Hemorrhoids, commonly called piles are a condition in which the veins around the anal region and inside the rectum enlarge.1 They can be unpleasant and painful but surely are treatable. Hemorrhoids in adults are common but have you ever thought even babies can get it. This article deals with hemorrhoids in children.

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Cause of Hemorrhoids in Children

Hemorrhoids occur due to the increased pressure around the anus, with constipation being the major cause. Some of the other common causes of hemorrhoids in children include:

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  • Sitting on a hard surface for a long period of time.
  • If the child sits on the pot for an extended period of time i.e. more than 10 minutes, it can increase the risk of hemorrhoids in children. This habit leads to collection and stagnation of blood in the pelvic region.
  • If the child tries hard to pass stool, it puts pressure on the anus and aggravates piles.
  • Failure to follow a healthy diet regimen. Children often indulge in unhealthy food and drink very less water. This increases the chances of constipation and piles.
  • If the parents have piles or there is a family history of piles, chances are high that the child may get it too.
  • Inflammation of colon due to any reason might also become a reason for the development of the piles.
  • Tumor in the colon can lead to stagnation of blood which can result in piles.
  • A child with low physical activity also is at risk of developing piles.

Symptoms of Hemorrhoids in Children

The commonest symptoms of hemorrhoids in children are,

  • Rectal bleeding
  • Itching in the anal region
  • Discomfort in the anal region
  • Piles protruding out of the anus
  • A rupture of the blood vessel might lead to blood spot in the pot while passing stool
  • Mucus like substance in the stool which keeps the region around anus moist. This can lead to itching sensation.
  • Pain in the anus while passing stool, which makes a child avoid going to the bathroom.

While these are the commonly known symptoms of hemorrhoids in children, some may just experience discomfort when passing stools or pain around the lower abdomen due to constipation.

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Diagnosis of Hemorrhoids in Children

The diagnosis of hemorrhoids in children mostly depends on the symptoms presented because of the illness. The doctor would examine the external area or may conduct an internal examination. Often, a proctoscope is used, which allows visualization of the anal canal and helps detect any abnormalities.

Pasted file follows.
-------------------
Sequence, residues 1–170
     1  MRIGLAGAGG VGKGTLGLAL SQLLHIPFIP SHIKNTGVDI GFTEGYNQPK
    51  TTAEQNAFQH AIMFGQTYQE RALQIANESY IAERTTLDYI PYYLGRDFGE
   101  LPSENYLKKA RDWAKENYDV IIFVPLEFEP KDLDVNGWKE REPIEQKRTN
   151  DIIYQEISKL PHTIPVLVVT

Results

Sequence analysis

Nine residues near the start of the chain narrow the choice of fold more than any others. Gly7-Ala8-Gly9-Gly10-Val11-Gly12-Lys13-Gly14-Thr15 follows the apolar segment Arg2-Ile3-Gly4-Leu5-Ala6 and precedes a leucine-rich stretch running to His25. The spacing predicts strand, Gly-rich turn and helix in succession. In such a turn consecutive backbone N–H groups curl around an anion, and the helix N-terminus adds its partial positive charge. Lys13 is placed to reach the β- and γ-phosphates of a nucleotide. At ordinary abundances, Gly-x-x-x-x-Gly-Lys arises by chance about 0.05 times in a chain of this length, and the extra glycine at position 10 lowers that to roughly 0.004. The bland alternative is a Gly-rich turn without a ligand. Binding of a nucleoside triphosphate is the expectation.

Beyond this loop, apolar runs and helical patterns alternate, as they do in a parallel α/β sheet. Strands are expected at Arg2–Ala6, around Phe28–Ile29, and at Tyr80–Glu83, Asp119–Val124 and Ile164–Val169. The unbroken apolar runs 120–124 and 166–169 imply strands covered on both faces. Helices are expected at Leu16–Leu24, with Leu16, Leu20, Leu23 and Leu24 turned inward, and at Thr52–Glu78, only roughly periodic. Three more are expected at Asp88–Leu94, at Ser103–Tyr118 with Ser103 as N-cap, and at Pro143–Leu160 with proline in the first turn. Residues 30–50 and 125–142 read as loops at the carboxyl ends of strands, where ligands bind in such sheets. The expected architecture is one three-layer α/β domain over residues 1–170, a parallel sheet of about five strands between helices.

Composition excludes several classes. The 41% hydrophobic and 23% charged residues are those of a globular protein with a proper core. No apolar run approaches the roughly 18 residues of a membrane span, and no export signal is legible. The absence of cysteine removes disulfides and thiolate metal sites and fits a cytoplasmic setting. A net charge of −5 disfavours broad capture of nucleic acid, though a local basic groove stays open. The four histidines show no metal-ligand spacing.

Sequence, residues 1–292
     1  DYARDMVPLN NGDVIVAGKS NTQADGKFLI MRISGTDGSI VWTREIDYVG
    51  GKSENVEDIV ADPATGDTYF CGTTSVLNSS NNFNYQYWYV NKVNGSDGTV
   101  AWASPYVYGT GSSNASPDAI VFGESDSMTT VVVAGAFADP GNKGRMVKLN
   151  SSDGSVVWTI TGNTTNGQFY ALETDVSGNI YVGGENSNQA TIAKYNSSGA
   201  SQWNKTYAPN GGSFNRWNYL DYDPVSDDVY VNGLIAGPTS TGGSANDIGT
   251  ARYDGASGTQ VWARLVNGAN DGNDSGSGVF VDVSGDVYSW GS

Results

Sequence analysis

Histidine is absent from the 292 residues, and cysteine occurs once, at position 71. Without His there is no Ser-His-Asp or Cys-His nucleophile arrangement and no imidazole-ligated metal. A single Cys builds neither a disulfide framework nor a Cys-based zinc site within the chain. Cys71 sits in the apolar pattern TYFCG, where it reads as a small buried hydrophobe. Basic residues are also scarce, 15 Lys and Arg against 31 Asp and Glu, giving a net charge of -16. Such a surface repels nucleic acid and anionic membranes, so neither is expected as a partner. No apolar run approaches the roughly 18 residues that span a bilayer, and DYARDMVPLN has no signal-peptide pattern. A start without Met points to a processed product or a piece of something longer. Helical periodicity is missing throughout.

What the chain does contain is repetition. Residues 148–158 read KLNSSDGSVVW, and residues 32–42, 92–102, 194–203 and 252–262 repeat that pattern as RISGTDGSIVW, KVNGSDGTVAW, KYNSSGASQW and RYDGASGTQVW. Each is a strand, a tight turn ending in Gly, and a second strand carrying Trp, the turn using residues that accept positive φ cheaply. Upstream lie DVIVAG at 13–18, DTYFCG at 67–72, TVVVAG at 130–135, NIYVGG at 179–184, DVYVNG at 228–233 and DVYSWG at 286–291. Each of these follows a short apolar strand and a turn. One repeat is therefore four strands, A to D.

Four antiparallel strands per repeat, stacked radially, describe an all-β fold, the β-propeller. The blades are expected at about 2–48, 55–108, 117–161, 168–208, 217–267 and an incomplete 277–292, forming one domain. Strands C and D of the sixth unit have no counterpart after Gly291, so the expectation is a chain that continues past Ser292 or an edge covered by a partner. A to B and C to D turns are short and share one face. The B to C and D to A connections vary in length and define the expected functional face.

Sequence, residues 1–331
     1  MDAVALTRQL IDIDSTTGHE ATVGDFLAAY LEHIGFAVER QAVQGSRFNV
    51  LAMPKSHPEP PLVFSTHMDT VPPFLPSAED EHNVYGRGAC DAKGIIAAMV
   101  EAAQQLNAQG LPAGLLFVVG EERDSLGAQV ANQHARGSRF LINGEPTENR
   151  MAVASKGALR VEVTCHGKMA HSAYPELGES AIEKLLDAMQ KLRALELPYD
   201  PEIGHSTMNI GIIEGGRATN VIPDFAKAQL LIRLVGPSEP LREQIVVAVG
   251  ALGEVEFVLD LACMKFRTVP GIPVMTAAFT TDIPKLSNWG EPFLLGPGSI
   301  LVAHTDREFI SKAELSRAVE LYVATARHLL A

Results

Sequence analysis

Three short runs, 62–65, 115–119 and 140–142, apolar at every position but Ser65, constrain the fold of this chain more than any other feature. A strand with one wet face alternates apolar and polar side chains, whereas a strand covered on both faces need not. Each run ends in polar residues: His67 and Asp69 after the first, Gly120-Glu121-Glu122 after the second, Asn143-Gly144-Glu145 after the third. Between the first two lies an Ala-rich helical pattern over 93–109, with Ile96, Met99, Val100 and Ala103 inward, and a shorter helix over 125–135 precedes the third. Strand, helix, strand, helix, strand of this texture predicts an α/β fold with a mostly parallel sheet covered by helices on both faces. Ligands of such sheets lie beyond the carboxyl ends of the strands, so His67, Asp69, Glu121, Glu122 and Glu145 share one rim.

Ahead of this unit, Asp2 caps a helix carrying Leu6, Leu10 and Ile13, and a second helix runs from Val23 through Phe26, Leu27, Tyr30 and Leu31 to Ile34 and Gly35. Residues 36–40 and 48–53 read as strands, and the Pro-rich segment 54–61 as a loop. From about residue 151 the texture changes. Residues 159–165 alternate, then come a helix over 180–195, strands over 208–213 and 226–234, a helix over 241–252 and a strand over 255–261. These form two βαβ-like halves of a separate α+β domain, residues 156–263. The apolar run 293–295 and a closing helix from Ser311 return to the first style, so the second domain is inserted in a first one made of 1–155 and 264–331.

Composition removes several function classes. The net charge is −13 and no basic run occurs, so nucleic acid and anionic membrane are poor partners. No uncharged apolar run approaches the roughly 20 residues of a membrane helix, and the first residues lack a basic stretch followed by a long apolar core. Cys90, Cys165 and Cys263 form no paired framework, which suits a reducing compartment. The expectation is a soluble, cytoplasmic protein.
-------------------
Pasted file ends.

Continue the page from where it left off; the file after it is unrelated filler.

Treatment of Hemorrhoids in Children

The first thing you can do to start with the treatment of hemorrhoids is to try and eliminate its major cause i.e. constipation, for which it’s important to monitor what the child eats. Make a change in diet; include fiber-rich food, as it improves the bowel movement.

  • Ensure that the child drinks plenty of water throughout the day. A well-hydrated body has a healthy digestive system.
  • Warm bath twice in a day helps soothe the irritation in the area. Make sure the area is dry and never use soap to clean it.
  • In case of extreme inflammation and irritation use an ice pack or a cold compress to soothe the area. This will bring in a much-needed relief.
  • Make sure the anal region is cleaned with water. Use wet wipes as the dry tissue might irritate the sore anus and hemorrhoids.
  • If the hemorrhoids are very painful you can give the child painkiller. This might reduce pain as well as soreness.
  • Make sure the child goes to the bathroom the moment they get an urge as delaying it might harden the stool and make it difficult to pass.

Children are at risk of getting hemorrhoids and it is best to take the right preventive measures. Bring physical activity into the routine, making a change in the diet and a regular bowel habit can reduce the risk of hemorrhoids in children. Taking preventive measures would surely prevent the condition and keep the illness from disturbing the small wonders.

References

  1. https://www.ncbi.nlm.nih.gov/pmc/articles/PMC3342598/

Also Read:

Pramod Kerkar

Written, Edited or Reviewed By:

, MD,FFARCSI

Pain Assist Inc.

Last Modified On: April 27, 2019

This article does not provide medical advice. See disclaimer

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